Fire season is coming early this year thanks to the dry winter.
U.S. Forest Service and National Park Service officials raised the fire danger to “high” Tuesday morning across northern Arizona’s pinyon-juniper and lower elevation ponderosa pine forests. The increased fire danger includes parts of Grand Canyon National Park, as well as the Coconino and Kaibab National Forests.
Areas below the Mogollon Rim surrounding Sedona had already jumped to high last week. According to officials, high fire danger means that wildfires can “start easily from most causes” and that grasses and pine needles will ignite readily. Campfires left unattended and brush fires are also likely to escape and spread easily, officials say. The two higher danger levels are very high and extreme.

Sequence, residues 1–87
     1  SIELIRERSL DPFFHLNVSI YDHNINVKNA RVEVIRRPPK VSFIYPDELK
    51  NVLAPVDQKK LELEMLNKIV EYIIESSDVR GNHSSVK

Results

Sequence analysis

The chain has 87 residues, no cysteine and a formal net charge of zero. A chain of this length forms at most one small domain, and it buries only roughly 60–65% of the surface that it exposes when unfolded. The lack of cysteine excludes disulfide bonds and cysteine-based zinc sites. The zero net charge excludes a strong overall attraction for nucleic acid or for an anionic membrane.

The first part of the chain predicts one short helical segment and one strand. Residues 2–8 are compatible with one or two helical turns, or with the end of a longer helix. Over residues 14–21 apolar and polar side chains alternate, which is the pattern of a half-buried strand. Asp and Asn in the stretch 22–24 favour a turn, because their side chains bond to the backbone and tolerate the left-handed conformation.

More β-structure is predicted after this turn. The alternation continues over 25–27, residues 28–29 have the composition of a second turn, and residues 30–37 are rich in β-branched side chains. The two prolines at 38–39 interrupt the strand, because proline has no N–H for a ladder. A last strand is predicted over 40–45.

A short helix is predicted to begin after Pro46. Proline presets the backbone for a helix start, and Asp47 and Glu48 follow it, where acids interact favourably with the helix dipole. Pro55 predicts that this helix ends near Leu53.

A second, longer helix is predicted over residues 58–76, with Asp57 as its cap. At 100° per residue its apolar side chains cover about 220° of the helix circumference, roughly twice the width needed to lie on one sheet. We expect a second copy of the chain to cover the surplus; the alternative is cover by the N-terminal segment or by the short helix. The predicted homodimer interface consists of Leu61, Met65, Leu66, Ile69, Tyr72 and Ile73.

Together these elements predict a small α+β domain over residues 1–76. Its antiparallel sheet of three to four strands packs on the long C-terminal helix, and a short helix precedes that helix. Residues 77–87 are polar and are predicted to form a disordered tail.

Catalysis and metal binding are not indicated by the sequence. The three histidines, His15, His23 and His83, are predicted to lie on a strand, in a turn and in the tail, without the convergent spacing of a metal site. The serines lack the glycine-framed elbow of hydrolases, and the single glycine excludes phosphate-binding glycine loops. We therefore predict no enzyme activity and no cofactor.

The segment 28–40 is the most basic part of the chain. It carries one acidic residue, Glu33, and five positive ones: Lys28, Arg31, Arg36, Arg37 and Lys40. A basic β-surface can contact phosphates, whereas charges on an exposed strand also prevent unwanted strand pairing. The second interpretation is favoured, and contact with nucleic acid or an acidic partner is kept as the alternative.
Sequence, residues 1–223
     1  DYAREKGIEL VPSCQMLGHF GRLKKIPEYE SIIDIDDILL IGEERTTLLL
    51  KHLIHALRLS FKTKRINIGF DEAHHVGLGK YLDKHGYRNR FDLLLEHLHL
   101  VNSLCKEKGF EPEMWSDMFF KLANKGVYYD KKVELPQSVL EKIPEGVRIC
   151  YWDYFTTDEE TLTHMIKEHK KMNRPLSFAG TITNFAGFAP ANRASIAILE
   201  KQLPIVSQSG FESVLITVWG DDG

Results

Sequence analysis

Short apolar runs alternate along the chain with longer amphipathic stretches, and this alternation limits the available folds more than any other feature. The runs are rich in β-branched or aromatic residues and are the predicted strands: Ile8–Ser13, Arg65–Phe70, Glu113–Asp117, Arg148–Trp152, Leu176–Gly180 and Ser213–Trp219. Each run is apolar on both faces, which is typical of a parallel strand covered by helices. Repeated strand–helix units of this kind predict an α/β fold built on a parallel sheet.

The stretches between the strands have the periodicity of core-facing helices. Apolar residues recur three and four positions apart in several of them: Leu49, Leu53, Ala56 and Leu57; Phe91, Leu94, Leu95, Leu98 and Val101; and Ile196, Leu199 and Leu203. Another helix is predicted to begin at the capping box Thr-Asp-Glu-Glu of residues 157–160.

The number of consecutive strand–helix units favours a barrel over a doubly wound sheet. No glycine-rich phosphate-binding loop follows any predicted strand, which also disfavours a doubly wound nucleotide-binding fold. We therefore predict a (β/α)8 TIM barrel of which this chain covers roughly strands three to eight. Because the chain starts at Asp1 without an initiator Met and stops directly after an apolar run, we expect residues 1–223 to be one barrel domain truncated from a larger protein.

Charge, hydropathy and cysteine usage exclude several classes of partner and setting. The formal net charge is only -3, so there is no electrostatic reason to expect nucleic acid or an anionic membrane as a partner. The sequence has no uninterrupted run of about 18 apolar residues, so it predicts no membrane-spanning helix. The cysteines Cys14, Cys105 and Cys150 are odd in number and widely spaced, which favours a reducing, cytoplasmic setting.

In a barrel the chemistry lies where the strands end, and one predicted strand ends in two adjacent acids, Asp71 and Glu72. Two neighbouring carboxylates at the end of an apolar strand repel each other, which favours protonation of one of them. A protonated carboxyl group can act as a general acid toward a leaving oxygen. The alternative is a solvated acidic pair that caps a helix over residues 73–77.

Fire managers say that the current fire season is tracking one month ahead of schedule due to dry forest fuels and warm weather.
Officials believe that the Flagstaff area could also reach high fire danger in the coming week or so if there is no precipitation. No fire restrictions are currently in place.